Seafood processors must practice strict sanitary procedures to reduce contamination sources, thus providing consumers with high quality, wholesome foods. A routine sanitation monitoring program in place demonstrates that processors are actively maintaining a sanitary environment during processing. Documenting the results of these sanitation conditions demonstrate compliance with existing federal, state and local requirements. The following are answers to frequently asked questions related to the monitoring of the 8 key sanitation areas required for the sale of seafood products under the Seafood HACCP regulation. This information can also be used by any food processor implementing sanitation practices required for the sale of food and seafood.
What things must I monitor if I use well water as the water supply for my food processing plant?
In Virginia, shellfish processing operations using private well water must sample the water supply prior to use, every six (6) months while water supply is being used and after the water supply has been repaired or disinfected based on the Virginia Department of Health (VDH) Division of Shellfish Sanitation requirements. Firms under the Virginia Department of Agriculture and Consumer Services (VDACS) inspection will be required to test their well water supply once a year.
Will a monthly water bill be sufficient for monitoring the safety of my municipal water supply?
Yes. The municipal water bill is sufficient to show that the water supply is safe. You must also ensure that the water is kept safe by preventing contamination once it reaches your processing plant. Monitoring should also include that backflow prevention devices such as air gaps, vacuum breakers and check valves are used on hose bibs, water inlets and at points in the water system that may present a possibility of back siphonage or back flow.
What are the steps for cleaning food contact surfaces and equipment?
A daily cleaning schedule is essential to reduce the presence of bacteria, such as Listeria, in the plant environment. A daily cleaning schedule should include the following sequential steps:
Dry clean or scrape the surface to remove food debris. Follow with a pre-rinse to remove small food particles and to wet the surface in preparation for the application of detergent.
Apply a detergent that is acceptable for the food contact surfaces and that will work with the type of soil and the method of application. Use the recommended water temperature.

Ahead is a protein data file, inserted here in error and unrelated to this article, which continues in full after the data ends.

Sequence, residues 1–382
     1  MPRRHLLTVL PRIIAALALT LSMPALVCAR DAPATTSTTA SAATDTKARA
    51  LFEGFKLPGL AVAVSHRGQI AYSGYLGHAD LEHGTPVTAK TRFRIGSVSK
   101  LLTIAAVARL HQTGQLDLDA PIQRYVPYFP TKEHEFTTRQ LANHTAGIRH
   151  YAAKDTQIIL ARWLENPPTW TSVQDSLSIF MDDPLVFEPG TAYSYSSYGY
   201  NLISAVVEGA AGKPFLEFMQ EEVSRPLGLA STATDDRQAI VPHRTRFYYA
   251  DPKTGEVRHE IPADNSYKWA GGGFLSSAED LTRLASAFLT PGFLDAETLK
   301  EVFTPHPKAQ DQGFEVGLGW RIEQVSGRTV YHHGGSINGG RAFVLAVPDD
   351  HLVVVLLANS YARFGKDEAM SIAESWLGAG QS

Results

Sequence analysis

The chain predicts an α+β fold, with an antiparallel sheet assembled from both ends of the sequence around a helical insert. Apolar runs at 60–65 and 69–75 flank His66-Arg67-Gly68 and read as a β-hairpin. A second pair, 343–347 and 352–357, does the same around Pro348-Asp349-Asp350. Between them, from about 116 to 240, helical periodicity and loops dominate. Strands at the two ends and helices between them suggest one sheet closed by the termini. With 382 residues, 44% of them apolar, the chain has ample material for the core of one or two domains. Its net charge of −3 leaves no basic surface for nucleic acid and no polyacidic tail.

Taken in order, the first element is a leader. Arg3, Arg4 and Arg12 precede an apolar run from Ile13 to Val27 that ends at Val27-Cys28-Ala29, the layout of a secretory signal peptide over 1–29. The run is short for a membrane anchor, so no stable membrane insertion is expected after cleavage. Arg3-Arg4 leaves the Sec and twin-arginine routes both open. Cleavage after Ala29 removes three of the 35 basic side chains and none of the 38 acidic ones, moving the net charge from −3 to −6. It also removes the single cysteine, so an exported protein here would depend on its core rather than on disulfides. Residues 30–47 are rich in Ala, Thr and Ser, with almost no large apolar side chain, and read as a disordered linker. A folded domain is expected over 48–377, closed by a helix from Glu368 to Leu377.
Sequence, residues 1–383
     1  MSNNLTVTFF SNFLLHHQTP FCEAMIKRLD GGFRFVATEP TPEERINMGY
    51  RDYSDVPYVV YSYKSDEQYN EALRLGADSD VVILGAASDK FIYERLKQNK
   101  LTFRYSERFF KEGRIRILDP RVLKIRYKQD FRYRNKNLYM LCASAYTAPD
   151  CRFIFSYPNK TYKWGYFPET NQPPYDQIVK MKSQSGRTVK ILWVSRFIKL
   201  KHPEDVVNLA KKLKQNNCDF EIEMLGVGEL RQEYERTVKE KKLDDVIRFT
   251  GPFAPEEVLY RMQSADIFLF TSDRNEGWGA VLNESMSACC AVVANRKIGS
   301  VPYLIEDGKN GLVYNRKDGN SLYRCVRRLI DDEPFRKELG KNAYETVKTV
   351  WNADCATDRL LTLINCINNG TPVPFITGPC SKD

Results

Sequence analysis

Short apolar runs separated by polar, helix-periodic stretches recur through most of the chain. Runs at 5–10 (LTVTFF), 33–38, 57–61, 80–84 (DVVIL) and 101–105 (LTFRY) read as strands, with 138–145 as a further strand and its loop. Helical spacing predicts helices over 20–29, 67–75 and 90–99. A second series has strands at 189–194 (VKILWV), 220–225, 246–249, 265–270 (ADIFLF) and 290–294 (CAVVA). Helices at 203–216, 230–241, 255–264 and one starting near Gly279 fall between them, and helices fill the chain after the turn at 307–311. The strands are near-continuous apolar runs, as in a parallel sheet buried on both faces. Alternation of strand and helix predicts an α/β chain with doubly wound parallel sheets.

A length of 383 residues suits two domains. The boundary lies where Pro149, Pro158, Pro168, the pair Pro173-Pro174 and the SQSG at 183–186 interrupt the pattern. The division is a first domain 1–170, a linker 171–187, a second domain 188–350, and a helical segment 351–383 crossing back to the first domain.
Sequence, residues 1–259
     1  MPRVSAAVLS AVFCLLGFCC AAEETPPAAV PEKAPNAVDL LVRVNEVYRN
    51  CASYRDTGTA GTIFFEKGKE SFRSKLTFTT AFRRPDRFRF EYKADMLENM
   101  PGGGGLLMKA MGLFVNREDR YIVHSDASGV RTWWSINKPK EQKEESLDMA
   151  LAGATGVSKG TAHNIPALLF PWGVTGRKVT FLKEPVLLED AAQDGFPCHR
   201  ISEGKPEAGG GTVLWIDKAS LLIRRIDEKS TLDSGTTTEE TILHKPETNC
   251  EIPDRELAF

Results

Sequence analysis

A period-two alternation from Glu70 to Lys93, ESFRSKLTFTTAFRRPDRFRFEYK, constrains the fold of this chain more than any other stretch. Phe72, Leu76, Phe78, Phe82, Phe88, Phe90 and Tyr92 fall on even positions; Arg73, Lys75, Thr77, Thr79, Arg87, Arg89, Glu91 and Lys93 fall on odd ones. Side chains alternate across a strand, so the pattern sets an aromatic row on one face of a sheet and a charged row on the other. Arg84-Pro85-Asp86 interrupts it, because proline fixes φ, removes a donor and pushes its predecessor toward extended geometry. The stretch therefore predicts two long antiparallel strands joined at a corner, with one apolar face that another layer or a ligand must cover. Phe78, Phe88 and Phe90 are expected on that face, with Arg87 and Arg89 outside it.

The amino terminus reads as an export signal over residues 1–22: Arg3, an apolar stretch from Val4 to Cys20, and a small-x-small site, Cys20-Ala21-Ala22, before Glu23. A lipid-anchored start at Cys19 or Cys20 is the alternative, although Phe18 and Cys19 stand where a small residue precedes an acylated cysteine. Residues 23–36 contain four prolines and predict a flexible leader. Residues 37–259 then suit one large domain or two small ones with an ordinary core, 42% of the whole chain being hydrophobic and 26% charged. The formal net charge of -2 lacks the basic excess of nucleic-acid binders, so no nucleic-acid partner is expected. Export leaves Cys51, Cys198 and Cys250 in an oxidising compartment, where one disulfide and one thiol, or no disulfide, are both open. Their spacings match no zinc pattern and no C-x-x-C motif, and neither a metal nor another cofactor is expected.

Rinse surfaces with water at the recommended temperature to remove all detergent residue.
Sanitize with the proper sanitizer and concentration recommended on the label.
Allow the surfaces to air dry and equipment are in a position they can drip rather than hold water.
Avoid contamination of the cleaned and sanitized food contact surfaces by following a top to bottom cleaning approach, using low-pressure water spray. Confirm adequate cleanliness and sanitization of equipment and food contact surfaces at the beginning of the production day and/or after cleaning.
How much sanitizer should I apply to food contact surfaces of equipment and utensils?
Table 1 lists common sanitizers and the proper concentration to be used for sanitizing of food contact surfaces such as equipment and utensils. If sanitizers are used in excess of the recommended concentration, sanitizer residue will be left on the surface potentially contaminating food placed on it. Monitor the concentration using the specific test kit for the type of sanitizer used.
Table 1. Sanitizer concentrations commonly used in food contact surfaces equipment.
Concentration for food contact surfaces
*do not exceed this concentration.
Can a prepared hand sanitizer solution last all day?
No. Some sanitizers dissipate and may lose their effectiveness over time and continual use. Monitor these solutions with the appropriate strips and change frequently during the day to ensure the proper strength.
What are the disadvantages of using high-pressure, high volume cleaning equipment?